81 122 Although he published various thoughts and beliefs in 2005’s A Man Without a Country I consider Timequake to be Vonnegut’s last novel because it is the last fictional lit erary work that he created. 123 Vonnegut also comments how his hero, Ma rk Twain, “found life for himself and everybody else so stressful” (1). Learning to deal with the monumental stress of life is a task that Vonnegut and REBT undertake wit h similar vigor. The alternative, allowing oneself to be overcome by life’s ever present stressors, runs the danger of cultivati ng a philosophy that “being alive is a crock of shit” (3). 124 Trout’s realization is supported by modern brain science, including advanced “[c]haos and quant um theories [which] suggest that life is not predetermined,” providing “new life fo r the concept of free will” (Sweeney 217). 125 Rackstraw interpets the timequake to be a “metaphorical device to . shock readers into an awareness of their careless disregard of human potential” ( Paradox 64). 126 Quoting Anthony Burgess, A Clockwork Orange 127 Jeffrey Schwartz refers to the “absurdity of the situation” befuddling Dr. Sunoco in similarly wondering how “three pounds of gelatinous pudding inside the skull” is “able to generate this ineffable thing called mind” (21). 128 In the epilogue to Timequake Vonnegut provides a dditional insight about REBT. Discussing the death of hi s brother, Vonnegut reveals: He was enraptured at the ve ry end by a collection of sayings of Albert Einstein. Example: “The most beautiful thing we can experience is the mysterious. It is the source of all true art and science.” Another: “Physical concepts are free creations of the human mind, and are not, however it may seem, uniquely determined by the external world” (215). Both sayings by Einstein have relevance to REBT. The first reminds us that, while the reason why reality is the way it is may always be a mystery, by enabling us to deal wi th life events despite the inescapable uncertainty of our existence, REBT allows us to appr eciate the beauty that might otherwise be overshadowed by the absurdity of our condition. The second saying reinforces the REBT notion of the power of the human brain to dictate how we perceive and interpret realit y, while implying that how we choose to use that cognitive power shapes our mental well being. 129 Vonnegut refers to the awareness that Trout describes as the “special place of Earthlings in the cosmic schem e of things” (xiv), and explains that awareness exists “only because t here are human beings” (213). 130 According to LeDoux, the ancient Greeks commonly referred to the mind as the “soul” (24). 131 At the end of his introduction for Timequake Vonnegut describes how in the novel he pretends to be alive in 2001, imagines hi mself in 2010, places himself in 1996, and refers to himself in the ten-year period preceding 1996,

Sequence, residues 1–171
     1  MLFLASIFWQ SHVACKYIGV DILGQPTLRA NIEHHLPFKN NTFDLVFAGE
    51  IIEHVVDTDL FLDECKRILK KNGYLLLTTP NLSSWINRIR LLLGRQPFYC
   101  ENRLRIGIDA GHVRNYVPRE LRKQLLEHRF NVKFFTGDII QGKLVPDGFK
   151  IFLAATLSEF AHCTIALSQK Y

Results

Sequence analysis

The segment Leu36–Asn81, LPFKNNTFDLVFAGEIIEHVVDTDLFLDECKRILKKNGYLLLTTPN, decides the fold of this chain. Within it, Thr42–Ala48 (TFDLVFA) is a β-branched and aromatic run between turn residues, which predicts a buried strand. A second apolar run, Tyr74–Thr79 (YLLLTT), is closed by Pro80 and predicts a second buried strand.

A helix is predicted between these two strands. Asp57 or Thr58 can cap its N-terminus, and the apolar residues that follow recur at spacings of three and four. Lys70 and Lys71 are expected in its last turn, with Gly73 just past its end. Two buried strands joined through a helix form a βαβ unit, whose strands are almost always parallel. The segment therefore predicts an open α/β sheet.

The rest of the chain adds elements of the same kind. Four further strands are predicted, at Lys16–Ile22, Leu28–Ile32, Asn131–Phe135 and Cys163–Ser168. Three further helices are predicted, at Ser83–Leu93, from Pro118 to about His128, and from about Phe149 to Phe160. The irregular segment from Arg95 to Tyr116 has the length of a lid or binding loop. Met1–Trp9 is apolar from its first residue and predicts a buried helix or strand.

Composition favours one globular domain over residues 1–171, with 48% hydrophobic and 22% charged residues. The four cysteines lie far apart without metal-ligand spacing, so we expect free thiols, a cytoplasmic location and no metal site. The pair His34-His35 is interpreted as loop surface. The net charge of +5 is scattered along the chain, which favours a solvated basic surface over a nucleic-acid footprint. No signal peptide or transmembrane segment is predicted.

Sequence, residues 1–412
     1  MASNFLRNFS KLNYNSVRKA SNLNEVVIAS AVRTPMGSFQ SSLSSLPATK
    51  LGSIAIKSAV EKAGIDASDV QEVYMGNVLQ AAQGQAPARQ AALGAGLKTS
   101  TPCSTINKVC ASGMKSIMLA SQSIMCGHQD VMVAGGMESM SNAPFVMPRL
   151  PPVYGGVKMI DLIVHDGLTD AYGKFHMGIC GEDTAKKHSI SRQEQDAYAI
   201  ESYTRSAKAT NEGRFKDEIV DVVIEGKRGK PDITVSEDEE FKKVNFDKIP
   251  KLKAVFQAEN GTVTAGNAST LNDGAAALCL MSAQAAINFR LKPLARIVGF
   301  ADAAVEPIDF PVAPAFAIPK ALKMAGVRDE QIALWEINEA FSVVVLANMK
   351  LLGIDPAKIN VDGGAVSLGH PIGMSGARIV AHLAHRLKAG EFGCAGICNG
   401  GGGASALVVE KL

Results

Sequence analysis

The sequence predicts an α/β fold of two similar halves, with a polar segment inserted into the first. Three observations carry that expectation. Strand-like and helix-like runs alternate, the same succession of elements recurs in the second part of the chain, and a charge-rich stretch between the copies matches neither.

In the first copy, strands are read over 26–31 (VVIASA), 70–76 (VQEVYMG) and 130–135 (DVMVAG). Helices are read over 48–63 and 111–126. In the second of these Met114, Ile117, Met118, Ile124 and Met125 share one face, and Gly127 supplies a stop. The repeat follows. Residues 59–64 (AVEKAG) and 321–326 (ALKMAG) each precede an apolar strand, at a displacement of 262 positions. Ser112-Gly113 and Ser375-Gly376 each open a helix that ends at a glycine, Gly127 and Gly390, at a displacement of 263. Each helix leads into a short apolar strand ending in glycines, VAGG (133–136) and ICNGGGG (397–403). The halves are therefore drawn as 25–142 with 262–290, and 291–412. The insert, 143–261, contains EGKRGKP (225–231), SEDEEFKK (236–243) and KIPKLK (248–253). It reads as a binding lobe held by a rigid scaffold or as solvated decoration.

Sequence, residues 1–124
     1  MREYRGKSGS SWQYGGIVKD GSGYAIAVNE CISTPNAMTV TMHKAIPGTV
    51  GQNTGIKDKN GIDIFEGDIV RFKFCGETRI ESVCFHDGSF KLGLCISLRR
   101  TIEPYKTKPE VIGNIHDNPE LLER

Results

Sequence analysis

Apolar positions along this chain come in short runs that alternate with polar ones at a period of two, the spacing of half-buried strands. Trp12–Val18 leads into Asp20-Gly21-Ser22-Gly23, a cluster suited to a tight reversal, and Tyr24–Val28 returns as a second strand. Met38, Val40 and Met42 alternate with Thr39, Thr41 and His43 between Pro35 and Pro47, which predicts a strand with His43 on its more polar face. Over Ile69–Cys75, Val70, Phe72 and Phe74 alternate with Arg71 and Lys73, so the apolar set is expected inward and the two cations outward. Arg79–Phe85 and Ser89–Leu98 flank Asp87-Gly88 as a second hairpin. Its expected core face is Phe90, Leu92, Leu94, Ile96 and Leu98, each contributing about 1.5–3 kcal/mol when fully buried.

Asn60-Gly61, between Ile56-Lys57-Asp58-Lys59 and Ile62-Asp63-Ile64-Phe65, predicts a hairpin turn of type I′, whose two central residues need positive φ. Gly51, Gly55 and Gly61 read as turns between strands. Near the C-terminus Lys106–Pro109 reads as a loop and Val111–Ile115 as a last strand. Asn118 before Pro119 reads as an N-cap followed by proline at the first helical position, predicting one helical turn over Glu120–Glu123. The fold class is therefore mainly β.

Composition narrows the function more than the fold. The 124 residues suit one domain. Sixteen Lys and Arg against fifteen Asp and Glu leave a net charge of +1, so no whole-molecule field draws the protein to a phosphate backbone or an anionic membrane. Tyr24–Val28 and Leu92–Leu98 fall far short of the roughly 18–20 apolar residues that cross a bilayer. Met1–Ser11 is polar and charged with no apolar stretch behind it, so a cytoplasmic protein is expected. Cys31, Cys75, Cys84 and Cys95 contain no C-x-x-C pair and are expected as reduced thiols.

82 and concludes: “I must be nuts” for doing so (xiv). Vonnegut’s ironic statement is a comment on our unique ability to rationally think about the past, present, and future, and to imagine alternative beliefs and behaviors. 132 In recent years, scholars have in creasingly taken to reading Vonnegut’s works as projecting a more positive outlo ok. In his 1994 essay, “Images of the Shaman,” Broer interprets Vonnegut’s works as projecting an ultimately optimistic view of the world with the aut hor cast in the role of a “‘Shaman,’ a kind of spiritual medicine m an whose function it is to expose . various forms of societal madness . while encourag ing reflectiveness and the will to positive social change” (203). Broer s ees Vonnegut’s despair in reaction the irrationality of reality as “balanced by an optimistic faith in the possibility of change or renewal” (201), echoing REBT’s call to change irrational thoughts and beliefs. Peter Reed’s 1996 essay, “The Responsive Shaman: Kurt Vonnegut and His World,” similarly contends that “Vonnegut keeps on being bothered that so much in life does make him feel cyn ical, that he keeps on trying to cheer, trying to inform, trying to affirm . . This lar ger persistence underlies the surface dismissiveness” ( Shaman 51). In his 2001 essay, “Vonnegut’s Goodbye: Kurt Senior, Hemingway, and Kilgore Trout,” Broer notes how critics “no longer persist in reading Vonnegut as a writer of ‘pessimistic’ or ‘defeatist’ novels, but at long last appreciate the nature of his work as therapy . [which] warns against the perils of fatalism” (Boon 80) (emphasis supplied). In his 2006 publication, Kurt Vonnegut’s Crusade Todd Davis cites Charles Harris’s 1990 essay, “Illusi on and Absurdity: The Novels of Kurt Vonnegut,” as representat ive of the frequent (mist aken) interpretation of Vonnegut’s works as depicting the “futility of human endeavor, the meaninglessness of human existence” ( 10). As Davis argues, “Vonnegut’s belief that the universe is purposeless is not his main theme; it is his assumption” (11). Davis contends that Vonnegut offers suggestions for better living and “hope for the despo ndent” (11), and “strives to make sense of our existence, to understand better how he should live in a world absurdly committed to its own destruction” (85). All of these scholars have offered insightful perspectives on Vonnegut’s continuing quest to understand how we -“never having been asked to be born in the first place” ( Timequake 139) -should handle living in an irra tional, absurd world. In this thesis, I offer a new perspective by extending t hat fundamental issue of Vonnegut’s wrorks to the essential issue underlying REBT. In doing so, I contend that Vonnegut’s writings support principles of REBT as mapping the way to live in an absurd, irrational world. 133 REBT and Vonnegut follow Sarte by holding that we have free will in that we always have choices with respect to what to believe, how to feel, and how to behave (though the choices are sometimes constrained by our circumstances). 134 As quoted in How to Win Friends and Influence People (Carnegie 70).